Effortless English Archives

Automatic English For The People

Monday, October 09, 2006

Change Your Goal

by AJ

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Its so easy to get impatient. We are conditioned, by school and society, to demand instant results. Our attention spans get shorter and shorter.

School, in particular, teaches us a lie. The lie is that in one semester, or four years, we can take all the required courses, pass all the required tests, and then receive our degree as proof of our "mastery" of a subject or subjects.

But this is a farce. Its a farce in most subjects, not just language education. In fact, formal school is a very poor place to master any subject or skill.

I got my undergraduate degree in journalism. I graduated with honors. I took all the required journalism courses and was near the top of my class. I thought I knew this subject well.

But upon graduation, I realized that I knew almost nothing about writing or journalism. I was told by many reporters and editors that journalism school was almost useless- and that the only thing that mattered was developing one's skills independently, through experience.

Several years later (still clueless), I went back to school to get a Masters degree in Social Work. I took classes, passed tests, and endlessly analyzed obtuse theories of social work. At the end of my program I had an internship. I was placed in an agency that helped abused and neglected teenagers. After just one week there, I realized that I had no idea what to do. My Masters degree program had not given me any practical knowledge- nor usable theories.

Everything I learned as a social worker, I learned on the job. I learned by trying things, examining the results, formulating new ideas, and then trying more things. Relentlessly, over several years, I improved as a social worker. The Masters degree was a ticket to higher paying jobs- but it provided nothing useful beyond that.

The truth is- school is not a good place to learn. Life is where you learn and that learning is a lifelong process. There is no end. There is no graduation. There are no "permanent grades" or records.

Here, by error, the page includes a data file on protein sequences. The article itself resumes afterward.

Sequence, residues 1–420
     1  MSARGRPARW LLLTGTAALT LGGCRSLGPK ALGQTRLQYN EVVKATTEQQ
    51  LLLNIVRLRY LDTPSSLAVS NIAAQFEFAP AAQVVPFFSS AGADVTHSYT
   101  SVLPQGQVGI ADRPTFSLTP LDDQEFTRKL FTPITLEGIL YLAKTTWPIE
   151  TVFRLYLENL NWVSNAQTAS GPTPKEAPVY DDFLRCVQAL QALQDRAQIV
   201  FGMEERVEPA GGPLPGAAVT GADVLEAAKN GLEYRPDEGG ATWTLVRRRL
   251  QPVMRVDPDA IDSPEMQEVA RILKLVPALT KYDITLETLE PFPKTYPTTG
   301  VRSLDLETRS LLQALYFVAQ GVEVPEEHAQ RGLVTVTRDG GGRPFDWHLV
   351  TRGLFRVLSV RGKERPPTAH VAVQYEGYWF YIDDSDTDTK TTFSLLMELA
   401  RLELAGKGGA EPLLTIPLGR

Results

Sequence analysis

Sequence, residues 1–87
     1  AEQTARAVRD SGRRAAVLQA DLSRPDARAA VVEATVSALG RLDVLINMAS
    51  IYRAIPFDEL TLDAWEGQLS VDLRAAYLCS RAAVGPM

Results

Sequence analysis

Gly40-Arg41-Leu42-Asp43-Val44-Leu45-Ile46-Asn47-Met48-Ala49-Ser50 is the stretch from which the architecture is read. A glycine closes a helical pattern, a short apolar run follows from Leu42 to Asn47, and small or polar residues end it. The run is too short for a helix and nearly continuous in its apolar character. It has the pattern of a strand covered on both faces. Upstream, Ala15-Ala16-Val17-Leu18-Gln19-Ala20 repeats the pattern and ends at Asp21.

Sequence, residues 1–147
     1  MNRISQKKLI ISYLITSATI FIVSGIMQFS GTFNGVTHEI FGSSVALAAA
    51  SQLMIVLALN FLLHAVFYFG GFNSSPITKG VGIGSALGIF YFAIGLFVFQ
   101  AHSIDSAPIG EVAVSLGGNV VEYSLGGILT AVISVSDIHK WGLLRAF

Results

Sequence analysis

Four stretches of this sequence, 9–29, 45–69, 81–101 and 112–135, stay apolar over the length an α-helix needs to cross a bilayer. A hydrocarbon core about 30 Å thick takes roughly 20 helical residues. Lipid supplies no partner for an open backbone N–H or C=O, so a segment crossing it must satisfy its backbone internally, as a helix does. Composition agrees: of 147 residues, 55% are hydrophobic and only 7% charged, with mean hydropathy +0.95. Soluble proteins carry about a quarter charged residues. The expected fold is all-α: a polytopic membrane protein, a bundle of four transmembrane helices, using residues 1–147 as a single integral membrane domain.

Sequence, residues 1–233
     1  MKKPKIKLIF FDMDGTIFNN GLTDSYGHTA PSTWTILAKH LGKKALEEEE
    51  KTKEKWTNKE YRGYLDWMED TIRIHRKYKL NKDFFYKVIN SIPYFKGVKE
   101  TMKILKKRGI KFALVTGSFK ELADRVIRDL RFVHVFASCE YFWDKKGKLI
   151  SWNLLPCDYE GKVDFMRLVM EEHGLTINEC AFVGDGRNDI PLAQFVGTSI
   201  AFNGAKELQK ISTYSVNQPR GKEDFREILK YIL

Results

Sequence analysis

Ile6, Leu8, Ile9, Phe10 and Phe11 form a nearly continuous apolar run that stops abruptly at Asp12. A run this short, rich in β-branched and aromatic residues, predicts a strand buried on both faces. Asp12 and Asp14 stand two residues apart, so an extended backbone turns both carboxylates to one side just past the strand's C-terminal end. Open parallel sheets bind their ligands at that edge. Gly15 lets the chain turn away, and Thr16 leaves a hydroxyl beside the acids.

True learning, true skill, true mastery, come from the process that Anthony Robbins calls CANI- Constant And Neverending Improvement. The Japanese call this "kaizen".

The truth is- learning never ends. Most language learners, including me, are still stuck with a school mentality. They think that if they take enough courses, they'll get a certificate that will prove that they speak the language. Then they try to talk to a native speaker and discover that their certificate is, in fact, useless. Many language learners also have a "graduation" mentality. They think that if they study hard enough, in one year, two years, five years, etc. they will finally "graduate" from English and be finished.

But there is no graduation. I am a 38 year old native speaker and I'm still trying to improve my English speaking ability. I'm trying to work on the rhythm of my speech. I'm also trying to reduce the number of fillers that I use (for example, "Uhm", "you know", "like"). As a writer, I still have a lot of improvement to make. I need to develop the clarity and power of my writing. And I'm still learning new words.

The point is- I will always be improving my English ability. I'll never be "finished". I'll never graduate. English learning is a life long learning process.

And though I'm starting 38 years later than I did with English, I'm beginning to realize that Spanish is also a life long learning process. I'm trying to shift my attitude from a "graduation" mentality to a CANI mentality. There is no finish line- there is only constant and neverending improvement- for as long as I live.

A CANI attitude can help your motivation because it takes off the pressure. So many language learners view learning as a race. They are desperately trying to get to the finish line as fast as possible. Instead, try adopting a mindset of Constant And Neverending Improvement. Don't worry about finish lines. Instead, be sure that every week, you improve just a little bit. You might learn a few new phrases. You might make a tiny improvement in listening comprehension, or pronunciation.

The next week, be sure to make a few more improvements. They don't need to be big. They don't need to be dramatic. Small, even tiny improvements are enough- as long as they are constant and neverending.

I'll end this article with a challenge. For the next few months I challenge you to forget all your "finish line" goals. Forget TOEIC and TOEFL scores. Forget certificates or degrees. Forget any idea of "finishing" English. Instead, for the next few months, make Constant And Neverending Improvement your only goal. Decide that every week you will make a very small improvement with your English ability. And you will do this every week.

Constantly. Consistently. Neverending.

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